Raymond Luk, founder of Montreal-based startup incubator Flow Ventures, recognized that many artists are unable to connect with potential buyers in the business world. At the same time, there are many businesses with drab office interiors relying on generic prints from big-box stores to make a statement.
The two worlds appear to speak different languages and they have different norms of behaviour. But on closer inspection, Mr. Luk saw a common thread of creativity that could serve as the basis for a connection. They just needed someone to bring them together.
There is a tremendous amount of research on social networks focused on how connections are made between people and organizations, and what impact these connections have on business outcomes. A key concept stemming from this research is “centrality,” where an individual acts as the connection between other parties. While the concept is inherently understood when applied to well-connected people, the type of individual you go to when you need an introduction, taking on this role at an industry level is often overlooked as a strategic opportunity.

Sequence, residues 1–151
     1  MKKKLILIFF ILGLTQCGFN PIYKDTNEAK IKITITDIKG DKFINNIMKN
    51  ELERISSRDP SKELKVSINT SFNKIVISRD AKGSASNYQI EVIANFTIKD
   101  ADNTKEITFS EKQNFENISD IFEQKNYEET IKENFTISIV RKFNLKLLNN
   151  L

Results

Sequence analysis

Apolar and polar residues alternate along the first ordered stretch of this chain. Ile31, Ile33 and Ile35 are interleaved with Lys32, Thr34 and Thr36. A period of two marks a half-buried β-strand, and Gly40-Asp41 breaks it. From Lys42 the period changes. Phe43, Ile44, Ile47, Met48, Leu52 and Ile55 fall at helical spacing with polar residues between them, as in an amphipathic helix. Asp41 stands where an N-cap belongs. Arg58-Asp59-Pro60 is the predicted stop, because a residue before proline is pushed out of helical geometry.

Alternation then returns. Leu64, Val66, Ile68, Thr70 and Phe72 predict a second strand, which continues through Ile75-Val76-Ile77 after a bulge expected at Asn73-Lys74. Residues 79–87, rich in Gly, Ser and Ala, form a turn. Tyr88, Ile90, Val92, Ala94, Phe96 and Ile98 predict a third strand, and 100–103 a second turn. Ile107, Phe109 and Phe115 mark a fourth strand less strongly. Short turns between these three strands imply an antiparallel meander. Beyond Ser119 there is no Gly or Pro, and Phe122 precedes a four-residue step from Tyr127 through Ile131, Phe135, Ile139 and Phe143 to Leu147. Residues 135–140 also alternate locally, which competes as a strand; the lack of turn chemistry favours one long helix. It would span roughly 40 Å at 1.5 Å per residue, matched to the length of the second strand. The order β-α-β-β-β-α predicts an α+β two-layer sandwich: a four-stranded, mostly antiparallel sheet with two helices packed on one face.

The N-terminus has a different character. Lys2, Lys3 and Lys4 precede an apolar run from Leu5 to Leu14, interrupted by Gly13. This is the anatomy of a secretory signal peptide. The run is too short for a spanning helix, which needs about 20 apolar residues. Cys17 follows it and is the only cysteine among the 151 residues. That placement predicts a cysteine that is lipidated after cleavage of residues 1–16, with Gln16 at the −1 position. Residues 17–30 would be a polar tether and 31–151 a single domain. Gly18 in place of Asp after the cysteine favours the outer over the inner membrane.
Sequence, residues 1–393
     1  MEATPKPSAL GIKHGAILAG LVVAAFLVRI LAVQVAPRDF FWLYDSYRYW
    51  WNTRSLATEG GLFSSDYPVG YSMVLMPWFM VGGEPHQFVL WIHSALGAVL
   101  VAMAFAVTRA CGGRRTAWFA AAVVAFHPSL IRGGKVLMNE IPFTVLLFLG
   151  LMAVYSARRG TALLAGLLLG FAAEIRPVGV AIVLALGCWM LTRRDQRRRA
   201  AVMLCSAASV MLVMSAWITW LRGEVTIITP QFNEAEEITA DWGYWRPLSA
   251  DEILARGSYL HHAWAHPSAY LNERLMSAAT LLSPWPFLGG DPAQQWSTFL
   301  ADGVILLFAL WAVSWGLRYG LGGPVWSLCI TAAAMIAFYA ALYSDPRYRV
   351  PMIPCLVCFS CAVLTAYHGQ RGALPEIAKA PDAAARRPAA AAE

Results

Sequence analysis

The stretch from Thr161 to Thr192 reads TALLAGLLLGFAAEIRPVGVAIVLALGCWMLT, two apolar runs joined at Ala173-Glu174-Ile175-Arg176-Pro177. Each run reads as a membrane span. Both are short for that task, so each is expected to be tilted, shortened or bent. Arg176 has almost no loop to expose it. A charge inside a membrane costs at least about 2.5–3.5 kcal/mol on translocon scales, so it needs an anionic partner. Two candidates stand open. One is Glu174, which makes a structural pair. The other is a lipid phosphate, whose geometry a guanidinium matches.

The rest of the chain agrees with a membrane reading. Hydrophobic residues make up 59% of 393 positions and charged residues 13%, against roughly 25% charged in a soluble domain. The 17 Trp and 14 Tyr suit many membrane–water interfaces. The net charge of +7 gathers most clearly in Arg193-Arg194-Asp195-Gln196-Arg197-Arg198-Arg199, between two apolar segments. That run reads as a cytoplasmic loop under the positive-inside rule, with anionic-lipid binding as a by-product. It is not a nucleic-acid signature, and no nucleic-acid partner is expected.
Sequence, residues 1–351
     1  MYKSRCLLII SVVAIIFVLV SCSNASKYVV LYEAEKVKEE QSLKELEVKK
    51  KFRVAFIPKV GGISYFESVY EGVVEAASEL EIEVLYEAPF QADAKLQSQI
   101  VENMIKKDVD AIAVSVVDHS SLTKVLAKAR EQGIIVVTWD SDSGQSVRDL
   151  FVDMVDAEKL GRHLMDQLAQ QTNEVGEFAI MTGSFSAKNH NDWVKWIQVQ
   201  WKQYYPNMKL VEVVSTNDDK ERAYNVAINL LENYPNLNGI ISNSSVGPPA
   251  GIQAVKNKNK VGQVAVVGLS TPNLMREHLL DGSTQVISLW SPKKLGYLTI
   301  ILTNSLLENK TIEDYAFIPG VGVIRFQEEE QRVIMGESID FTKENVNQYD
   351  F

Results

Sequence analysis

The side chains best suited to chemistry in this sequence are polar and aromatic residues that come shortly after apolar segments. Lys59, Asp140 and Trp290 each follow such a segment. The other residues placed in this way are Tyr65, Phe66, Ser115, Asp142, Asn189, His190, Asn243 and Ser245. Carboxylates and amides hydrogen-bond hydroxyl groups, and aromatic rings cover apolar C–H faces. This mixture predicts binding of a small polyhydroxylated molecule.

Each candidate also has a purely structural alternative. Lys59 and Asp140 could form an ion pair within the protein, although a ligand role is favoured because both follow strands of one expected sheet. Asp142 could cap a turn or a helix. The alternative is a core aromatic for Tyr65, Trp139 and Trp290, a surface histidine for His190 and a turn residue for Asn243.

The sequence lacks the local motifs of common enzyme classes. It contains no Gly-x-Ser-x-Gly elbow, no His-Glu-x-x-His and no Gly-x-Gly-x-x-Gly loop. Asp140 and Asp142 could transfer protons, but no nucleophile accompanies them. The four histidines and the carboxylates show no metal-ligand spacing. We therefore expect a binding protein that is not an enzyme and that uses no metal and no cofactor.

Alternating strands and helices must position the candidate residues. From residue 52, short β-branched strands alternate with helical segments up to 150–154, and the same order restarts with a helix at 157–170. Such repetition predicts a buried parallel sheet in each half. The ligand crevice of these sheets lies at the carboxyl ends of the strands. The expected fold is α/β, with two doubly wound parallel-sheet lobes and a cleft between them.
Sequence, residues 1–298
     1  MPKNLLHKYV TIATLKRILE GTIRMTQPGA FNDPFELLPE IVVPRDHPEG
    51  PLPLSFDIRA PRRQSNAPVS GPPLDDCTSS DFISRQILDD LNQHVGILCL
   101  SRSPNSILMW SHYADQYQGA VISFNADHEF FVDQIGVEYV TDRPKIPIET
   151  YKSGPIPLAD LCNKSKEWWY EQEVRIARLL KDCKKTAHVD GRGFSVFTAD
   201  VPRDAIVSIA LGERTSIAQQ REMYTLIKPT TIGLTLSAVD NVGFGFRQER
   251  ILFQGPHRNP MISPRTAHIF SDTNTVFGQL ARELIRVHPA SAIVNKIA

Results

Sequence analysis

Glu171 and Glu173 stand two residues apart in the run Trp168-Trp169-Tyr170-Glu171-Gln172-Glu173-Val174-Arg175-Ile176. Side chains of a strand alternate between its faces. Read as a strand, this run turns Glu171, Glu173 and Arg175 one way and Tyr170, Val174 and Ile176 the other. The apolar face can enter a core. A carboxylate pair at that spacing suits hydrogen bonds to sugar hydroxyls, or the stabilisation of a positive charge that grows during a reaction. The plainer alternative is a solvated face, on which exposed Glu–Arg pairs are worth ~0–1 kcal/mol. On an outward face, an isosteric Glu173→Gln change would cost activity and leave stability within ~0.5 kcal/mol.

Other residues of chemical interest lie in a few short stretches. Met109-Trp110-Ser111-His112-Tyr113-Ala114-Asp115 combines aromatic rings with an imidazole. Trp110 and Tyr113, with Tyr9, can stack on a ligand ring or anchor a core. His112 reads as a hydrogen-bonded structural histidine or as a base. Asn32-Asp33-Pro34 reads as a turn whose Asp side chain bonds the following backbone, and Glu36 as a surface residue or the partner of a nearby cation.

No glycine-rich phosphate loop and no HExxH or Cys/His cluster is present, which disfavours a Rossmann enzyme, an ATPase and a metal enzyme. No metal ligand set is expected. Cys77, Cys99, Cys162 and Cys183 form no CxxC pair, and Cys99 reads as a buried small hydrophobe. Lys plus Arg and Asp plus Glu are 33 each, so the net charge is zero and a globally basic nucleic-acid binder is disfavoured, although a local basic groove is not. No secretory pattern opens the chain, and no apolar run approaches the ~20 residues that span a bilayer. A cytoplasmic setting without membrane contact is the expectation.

Network theory suggests that bridging the gap between two sectors is a powerful central structural position. Identifying that position is an excellent method of market identification, and a potentially good space for a startup, if the connecting role is underserved. Mr. Luk found that the gap between art and business was wide open, so he dove in.
While they are two seemingly unrelated worlds, Mr. Luk saw a market opportunity and launched ArtAnywhere, a successful startup that gets art in front of business people.
He hired as CEO Julian Haber, an online marketing consultant and a professional photographer, and together they devised a low-risk solution where an organization could arrange for the installation of a free temporary gallery of original artwork in their office. Businesses are able to add inspiration to their staid workplaces and artists are provided with the chance to display their art in visible, well-trafficked locations without having to pay for exhibition space.
ArtAnywhere provides the platform to make the match, it helps select the artists, and it facilitates any sales of the artwork on a commission basis.
Now that Mr. Luk and Mr. Haber are experiencing the success of identifying the value of centrality, they’re also beginning to benefit from another key aspect of social network theory – the referral.
Special to The Globe and Mail
Dr. Marc-David L. Seidel is an associate professor of organizational behaviour at the Sauder School of Business at the University of British Columbia.
This is one in a regular series of case studies by a rotating group of business professors from across the country. They appear every Friday on the Your Business website.